Close shave for earth on February 15th

Come February 15th, a day after the Valentine’s Day, planet Earth will have its closest shave in recorded history from being hit by an asteroid. The asteroid was discovered only last year, by astronomers operating from the La Sagra Sky Survey observatory near Granada in southern Spain. Named 2012 DA14, the 164 ft long asteroid will whizz past our planet with a speed of 17,400mph, at a distance of just 14,913 miles (24,000km) – closer than many commercial satellites.

Asteroid 2012 DA14 coming close to earth

Don Yeomans of NASA’s Near Earth Object Programme said: “It will be a record-setting close approach since regular sky surveys began in the 1990s.” He explains that a similar-sized object formed the mile-wide Meteor Crater in Arizona when it hit about 50,000 years ago. He further added that in 1908 an asteroid estimated to be 131ft (40m) long exploded over Tunguska in Siberia, flattening 772 square miles (2,000 sq km) of forest.
Don Yeomans of NASA further confirmed that: “2012 DA14 will definitely not hit Earth.” However he said the asteroid in question, could wipe out a large city if it hit Earth. The asteroid will come closer to Earth than the ring of geosynchronous satellites, which are in orbit about 22,200 miles above the Earth.
Experts said, that the asteroid 2012 DA14, half the size of a football pitch and with the destructive power of an H-bomb, if enters the Earth’s atmosphere and explode, the force would be enough to destroy an area the size of Greater London.
Dr Gerhard Drolshagen, a near-Earth object observer from the European Space Agency’s Space Situational Awareness (SSA) office, said: “In future times the possibility of a collision cannot be completely excluded. It is highly unlikely, but the chance is greater than zero.”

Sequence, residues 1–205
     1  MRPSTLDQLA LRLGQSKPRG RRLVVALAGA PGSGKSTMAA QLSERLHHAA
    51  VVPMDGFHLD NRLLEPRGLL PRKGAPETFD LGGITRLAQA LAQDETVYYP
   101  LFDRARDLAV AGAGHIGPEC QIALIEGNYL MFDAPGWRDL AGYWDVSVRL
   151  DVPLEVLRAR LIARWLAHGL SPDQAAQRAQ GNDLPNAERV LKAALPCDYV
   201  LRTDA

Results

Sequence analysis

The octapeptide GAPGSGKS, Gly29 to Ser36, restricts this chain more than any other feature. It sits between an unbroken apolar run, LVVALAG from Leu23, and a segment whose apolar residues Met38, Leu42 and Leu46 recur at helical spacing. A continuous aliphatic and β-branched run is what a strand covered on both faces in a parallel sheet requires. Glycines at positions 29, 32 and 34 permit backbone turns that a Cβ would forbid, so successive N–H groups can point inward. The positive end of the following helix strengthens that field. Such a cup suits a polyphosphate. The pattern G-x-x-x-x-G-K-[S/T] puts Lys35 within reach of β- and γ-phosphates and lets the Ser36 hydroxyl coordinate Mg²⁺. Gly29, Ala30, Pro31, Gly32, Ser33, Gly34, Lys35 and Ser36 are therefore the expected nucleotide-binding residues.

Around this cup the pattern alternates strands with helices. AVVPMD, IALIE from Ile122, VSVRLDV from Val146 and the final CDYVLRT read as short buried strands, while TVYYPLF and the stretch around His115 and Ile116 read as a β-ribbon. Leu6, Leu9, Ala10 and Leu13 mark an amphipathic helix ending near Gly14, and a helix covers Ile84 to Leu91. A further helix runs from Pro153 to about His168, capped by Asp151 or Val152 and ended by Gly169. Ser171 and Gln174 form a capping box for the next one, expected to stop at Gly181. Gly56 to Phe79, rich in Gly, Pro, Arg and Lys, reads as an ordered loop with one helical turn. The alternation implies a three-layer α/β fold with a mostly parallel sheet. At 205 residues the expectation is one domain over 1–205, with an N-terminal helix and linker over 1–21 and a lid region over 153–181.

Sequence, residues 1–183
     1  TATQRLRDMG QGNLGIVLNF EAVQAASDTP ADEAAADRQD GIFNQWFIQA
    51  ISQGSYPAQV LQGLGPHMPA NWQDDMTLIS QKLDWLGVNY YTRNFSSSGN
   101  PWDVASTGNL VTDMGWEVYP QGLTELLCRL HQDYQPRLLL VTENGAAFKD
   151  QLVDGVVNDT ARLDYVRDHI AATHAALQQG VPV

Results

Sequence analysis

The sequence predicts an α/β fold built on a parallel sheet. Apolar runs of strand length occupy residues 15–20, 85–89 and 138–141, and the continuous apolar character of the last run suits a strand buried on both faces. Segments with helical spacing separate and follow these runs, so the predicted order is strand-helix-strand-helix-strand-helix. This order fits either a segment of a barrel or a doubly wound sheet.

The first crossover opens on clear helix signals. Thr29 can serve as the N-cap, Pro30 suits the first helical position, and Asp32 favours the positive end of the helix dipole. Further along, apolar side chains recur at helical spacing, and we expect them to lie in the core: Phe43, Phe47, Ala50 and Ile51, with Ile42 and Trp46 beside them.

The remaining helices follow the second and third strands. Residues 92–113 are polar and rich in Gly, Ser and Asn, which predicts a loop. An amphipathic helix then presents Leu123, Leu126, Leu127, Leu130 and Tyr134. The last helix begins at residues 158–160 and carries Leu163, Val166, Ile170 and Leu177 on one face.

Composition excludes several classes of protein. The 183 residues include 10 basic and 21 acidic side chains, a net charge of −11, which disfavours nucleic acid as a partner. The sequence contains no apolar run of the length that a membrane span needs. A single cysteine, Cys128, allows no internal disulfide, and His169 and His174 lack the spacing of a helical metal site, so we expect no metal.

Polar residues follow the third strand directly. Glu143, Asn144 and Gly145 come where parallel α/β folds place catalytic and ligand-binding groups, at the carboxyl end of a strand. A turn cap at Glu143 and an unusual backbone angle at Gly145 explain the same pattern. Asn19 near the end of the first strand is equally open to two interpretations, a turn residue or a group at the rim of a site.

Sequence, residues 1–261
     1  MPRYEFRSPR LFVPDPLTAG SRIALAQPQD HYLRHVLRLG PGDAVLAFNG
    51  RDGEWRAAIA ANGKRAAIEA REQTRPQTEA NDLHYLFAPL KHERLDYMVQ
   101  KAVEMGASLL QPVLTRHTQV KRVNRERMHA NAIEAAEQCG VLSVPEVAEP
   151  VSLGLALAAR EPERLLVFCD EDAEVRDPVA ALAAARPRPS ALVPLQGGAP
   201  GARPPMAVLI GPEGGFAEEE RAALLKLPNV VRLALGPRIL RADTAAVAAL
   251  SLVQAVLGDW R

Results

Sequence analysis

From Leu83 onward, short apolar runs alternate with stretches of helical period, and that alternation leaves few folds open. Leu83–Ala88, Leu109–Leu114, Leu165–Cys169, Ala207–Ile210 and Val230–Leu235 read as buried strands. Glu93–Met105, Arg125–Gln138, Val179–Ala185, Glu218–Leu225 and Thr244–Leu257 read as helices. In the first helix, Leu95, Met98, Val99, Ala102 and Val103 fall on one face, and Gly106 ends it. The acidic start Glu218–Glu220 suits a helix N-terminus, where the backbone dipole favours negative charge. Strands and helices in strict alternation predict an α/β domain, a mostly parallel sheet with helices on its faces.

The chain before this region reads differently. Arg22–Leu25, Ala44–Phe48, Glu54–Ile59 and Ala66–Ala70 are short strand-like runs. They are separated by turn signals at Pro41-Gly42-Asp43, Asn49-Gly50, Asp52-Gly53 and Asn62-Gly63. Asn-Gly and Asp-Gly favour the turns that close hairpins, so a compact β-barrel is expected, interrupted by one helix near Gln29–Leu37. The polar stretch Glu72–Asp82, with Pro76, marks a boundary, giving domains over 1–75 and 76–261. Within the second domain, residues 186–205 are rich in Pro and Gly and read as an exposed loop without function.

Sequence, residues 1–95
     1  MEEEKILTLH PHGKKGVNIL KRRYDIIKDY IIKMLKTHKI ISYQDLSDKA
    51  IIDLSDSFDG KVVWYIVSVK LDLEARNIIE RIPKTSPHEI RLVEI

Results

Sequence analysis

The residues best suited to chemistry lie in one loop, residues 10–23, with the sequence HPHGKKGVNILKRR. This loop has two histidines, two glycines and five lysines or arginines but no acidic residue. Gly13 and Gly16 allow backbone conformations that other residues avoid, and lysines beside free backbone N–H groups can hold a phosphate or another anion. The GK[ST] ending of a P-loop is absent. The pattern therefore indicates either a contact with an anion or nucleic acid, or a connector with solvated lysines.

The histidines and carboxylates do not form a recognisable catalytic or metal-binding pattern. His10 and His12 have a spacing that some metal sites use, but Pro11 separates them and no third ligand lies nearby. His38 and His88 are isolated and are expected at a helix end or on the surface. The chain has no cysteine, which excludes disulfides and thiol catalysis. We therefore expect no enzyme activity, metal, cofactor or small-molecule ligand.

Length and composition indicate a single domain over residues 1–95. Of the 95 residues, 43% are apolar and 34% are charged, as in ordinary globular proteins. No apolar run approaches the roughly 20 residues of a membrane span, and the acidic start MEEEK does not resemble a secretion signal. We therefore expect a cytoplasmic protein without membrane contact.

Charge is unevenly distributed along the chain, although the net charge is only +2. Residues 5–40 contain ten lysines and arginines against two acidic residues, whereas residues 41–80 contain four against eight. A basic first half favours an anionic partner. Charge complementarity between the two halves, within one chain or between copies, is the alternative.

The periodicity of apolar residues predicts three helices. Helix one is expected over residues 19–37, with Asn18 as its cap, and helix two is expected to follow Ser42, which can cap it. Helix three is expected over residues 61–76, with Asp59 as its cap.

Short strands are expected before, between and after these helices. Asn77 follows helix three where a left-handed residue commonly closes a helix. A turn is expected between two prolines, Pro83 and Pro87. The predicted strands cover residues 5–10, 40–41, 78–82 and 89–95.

The asteroid’s next very close shave with Earth will be in 2046, when it will whizz past us at a distance of 37,000 miles. And there’s another close encounter in 97 years’ time, on February 16 2110.
NASA experts says that the asteroid by the catchy name of 2012 DA14 won’t be bright enough to see with the naked eye, but that a good pair of binoculars or a telescope should be able to pick it out.
On the 15th, said NASA, the asteroid will travel rapidly from the southern evening sky into the northern morning sky, with its closest Earth approach occurring about 19:26 UTC when it will achieve a magnitude of less than seven, which is somewhat fainter than naked eye visibility. About four minutes after its Earth close approach, there is a good chance it will pass into the Earth’s shadow for about 18 minutes or so before reappearing from the eclipse.
The best view for astronomers will be from Indonesia, says NASA, while stargazers in Eastern Europe, Asia and Australia should also be able to get a good look at the space rock as it whizzes past us at a speed of 17,400mph.

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